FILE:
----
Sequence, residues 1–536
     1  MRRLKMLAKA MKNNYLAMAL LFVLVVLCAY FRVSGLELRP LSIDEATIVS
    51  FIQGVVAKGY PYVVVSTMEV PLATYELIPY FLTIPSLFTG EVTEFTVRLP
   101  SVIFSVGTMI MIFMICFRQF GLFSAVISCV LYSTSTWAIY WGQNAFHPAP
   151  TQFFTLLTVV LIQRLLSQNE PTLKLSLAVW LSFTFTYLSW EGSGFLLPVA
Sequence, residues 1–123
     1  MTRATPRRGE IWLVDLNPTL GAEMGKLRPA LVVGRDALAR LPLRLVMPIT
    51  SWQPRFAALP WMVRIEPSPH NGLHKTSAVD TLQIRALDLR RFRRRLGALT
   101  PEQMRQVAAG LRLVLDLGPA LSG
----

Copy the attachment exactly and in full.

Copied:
Sequence, residues 1–536
     1  MRRLKMLAKA MKNNYLAMAL LFVLVVLCAY FRVSGLELRP LSIDEATIVS
    51  FIQGVVAKGY PYVVVSTMEV PLATYELIPY FLTIPSLFTG EVTEFTVRLP
   101  SVIFSVGTMI MIFMICFRQF GLFSAVISCV LYSTSTWAIY WGQNAFHPAP
   151  TQFFTLLTVV LIQRLLSQNE PTLKLSLAVW LSFTFTYLSW EGSGFLLPVA
Sequence, residues 1–123
     1  MTRATPRRGE IWLVDLNPTL GAEMGKLRPA LVVGRDALAR LPLRLVMPIT
    51  SWQPRFAALP WMVRIEPSPH NGLHKTSAVD TLQIRALDLR RFRRRLGALT
   101  PEQMRQVAAG LRLVLDLGPA LSG